Background: Primary hyperaldosteronism caused by an aldosterone-producing adenoma of the adrenal gland is regarded as the most common type of endocrine hypertension. The aim of this study was to analyze the changing pattern of the intraoperative blood pressure during endoscopic adrenalectomy recorded in patients with Conn's syndrome compared to patients with hormone-inactive incidentaloma and its possible influence by the surgical approach. Methods: From February 1994 to March 2004, 40 patients underwent endoscopic adrenalectomy for Conn's syndrome. All patients had arterial hypertension over a median period of 84 (5-240) months and were pretreated with an aldosterone antagonist in 76.3% and with specific antihypertensive medication in 85%. Over the same period of time, endoscopic adrenalectomy was carried out in 80 patients with incidentaloma. Of these, 41 (53.2%) displayed arterial hypertension requiring drug therapy. Results: The adrenal gland was resected using the retroperitoneal in 25 and the transperitoneal approach in 15 patients with Conn's syndrome. Conversion to an open procedure was required in two patients. Intraoperative increases in blood pressure necessitating antihypertensive therapy were observed in 17 of 40 patients (44.7%), in 11 of 40 patients (28.9%) blood pressure peaks of > 200 mmHg (> 1 min) were noted. Differences between the preoperative and maximum intraoperative blood pressure were significant for the retroperitoneal approach only (systolic: p = 0.0001; diastolic: p = 0.0005), but not for the transperitoneal technique. The increase in intraoperative blood pressure in patients with Conn's syndrome was significantly higher, for both systolic (p < 0.0001) and diastolic (p = 0.0037) readings, compared to that in patients with incidentaloma undergoing endoscopic adrenalectomy during the same period of time. Conclusion: Our results demonstrate that relevant intraoperative increases in blood pressure occur in patients with Conn's syndrome despite prior therapy with an aldosterone antagonist, necessitating specific precautionary measures during anesthesia. Intraoperative blood pressure was significantly higher for the retroperitoneal than for the transperitoneal procedure, which leads us to advocate the latter approach for endoscopic adrenalectomy.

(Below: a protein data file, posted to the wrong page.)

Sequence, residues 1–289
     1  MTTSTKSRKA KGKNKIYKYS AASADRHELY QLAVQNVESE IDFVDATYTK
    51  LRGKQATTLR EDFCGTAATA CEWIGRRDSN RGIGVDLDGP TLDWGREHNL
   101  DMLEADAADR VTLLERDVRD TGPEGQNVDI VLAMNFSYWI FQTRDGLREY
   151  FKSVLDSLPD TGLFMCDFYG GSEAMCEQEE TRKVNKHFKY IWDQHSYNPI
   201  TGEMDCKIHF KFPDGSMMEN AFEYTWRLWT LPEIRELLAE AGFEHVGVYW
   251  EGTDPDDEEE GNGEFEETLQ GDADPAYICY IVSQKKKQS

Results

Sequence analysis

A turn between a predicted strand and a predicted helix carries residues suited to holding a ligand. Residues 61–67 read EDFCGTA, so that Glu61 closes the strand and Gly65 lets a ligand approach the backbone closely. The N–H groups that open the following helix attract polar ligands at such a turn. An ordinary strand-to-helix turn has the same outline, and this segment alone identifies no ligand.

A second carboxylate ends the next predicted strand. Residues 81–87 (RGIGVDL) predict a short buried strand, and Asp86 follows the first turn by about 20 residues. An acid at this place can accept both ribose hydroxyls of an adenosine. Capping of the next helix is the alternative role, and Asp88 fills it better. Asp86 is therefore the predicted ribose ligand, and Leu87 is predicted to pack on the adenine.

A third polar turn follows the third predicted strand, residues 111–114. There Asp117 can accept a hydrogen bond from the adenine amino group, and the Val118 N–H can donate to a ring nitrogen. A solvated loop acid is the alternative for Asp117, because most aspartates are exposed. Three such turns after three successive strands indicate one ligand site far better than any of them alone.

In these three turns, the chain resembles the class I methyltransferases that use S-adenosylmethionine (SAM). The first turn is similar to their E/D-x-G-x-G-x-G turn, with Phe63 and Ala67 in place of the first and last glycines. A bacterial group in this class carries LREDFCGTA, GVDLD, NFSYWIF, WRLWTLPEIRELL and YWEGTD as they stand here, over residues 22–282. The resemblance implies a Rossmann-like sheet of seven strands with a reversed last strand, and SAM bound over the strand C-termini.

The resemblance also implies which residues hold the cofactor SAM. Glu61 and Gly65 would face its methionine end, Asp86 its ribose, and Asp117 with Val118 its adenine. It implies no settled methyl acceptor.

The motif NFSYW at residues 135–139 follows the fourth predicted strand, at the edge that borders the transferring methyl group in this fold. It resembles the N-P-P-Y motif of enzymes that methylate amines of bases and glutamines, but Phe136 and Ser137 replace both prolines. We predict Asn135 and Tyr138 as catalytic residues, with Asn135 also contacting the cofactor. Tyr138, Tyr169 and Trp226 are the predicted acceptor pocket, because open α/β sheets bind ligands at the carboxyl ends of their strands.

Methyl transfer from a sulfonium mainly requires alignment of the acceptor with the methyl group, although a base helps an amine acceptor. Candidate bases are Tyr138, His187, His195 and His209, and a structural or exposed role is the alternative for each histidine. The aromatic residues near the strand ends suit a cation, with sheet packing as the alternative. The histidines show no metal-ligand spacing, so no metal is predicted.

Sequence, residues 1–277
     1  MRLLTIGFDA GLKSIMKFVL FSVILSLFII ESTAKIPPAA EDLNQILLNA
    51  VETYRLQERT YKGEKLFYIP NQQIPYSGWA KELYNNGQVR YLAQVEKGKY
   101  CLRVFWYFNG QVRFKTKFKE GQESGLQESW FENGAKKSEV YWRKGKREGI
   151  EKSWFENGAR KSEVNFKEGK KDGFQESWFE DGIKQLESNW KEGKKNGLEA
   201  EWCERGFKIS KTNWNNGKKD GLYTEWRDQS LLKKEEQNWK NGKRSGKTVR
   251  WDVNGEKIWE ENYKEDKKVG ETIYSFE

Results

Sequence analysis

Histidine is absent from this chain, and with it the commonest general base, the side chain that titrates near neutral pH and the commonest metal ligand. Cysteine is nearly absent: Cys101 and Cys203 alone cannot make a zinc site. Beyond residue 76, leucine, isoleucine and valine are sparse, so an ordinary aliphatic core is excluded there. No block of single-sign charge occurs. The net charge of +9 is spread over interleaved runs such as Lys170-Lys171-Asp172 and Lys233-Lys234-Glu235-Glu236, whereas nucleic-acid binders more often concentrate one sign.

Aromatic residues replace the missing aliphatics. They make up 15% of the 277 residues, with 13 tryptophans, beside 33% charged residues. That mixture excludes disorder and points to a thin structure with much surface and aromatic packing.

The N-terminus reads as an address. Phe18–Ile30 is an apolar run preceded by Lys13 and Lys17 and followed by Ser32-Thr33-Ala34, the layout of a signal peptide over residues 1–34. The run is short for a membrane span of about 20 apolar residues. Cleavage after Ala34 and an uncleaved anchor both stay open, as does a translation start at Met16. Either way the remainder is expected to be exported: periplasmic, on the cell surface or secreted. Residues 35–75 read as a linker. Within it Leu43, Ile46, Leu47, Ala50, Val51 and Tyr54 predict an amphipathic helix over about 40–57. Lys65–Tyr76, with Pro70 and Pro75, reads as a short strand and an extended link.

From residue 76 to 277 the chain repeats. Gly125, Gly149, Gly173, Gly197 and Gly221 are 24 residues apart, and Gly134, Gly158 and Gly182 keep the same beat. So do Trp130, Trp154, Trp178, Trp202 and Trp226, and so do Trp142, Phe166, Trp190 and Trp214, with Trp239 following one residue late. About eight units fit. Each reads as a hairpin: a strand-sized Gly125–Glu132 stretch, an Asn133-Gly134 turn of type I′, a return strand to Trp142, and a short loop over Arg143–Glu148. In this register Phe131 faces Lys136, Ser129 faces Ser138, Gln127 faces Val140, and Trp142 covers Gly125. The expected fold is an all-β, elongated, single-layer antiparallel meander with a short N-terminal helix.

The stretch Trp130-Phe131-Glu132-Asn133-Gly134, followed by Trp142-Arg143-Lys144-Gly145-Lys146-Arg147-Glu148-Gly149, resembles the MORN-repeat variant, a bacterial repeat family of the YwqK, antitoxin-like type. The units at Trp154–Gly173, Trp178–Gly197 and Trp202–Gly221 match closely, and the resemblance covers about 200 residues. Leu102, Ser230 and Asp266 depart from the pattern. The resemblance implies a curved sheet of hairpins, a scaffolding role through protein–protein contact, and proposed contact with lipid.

|Number of pages||7|
|Journal||Surgical Endoscopy and Other Interventional Techniques|
|State||Published - Nov 2005|
- Conn's syndrome
- Endoscopic adrenalectomy
- Intraoperative blood pressure
- Retroperitoneal approach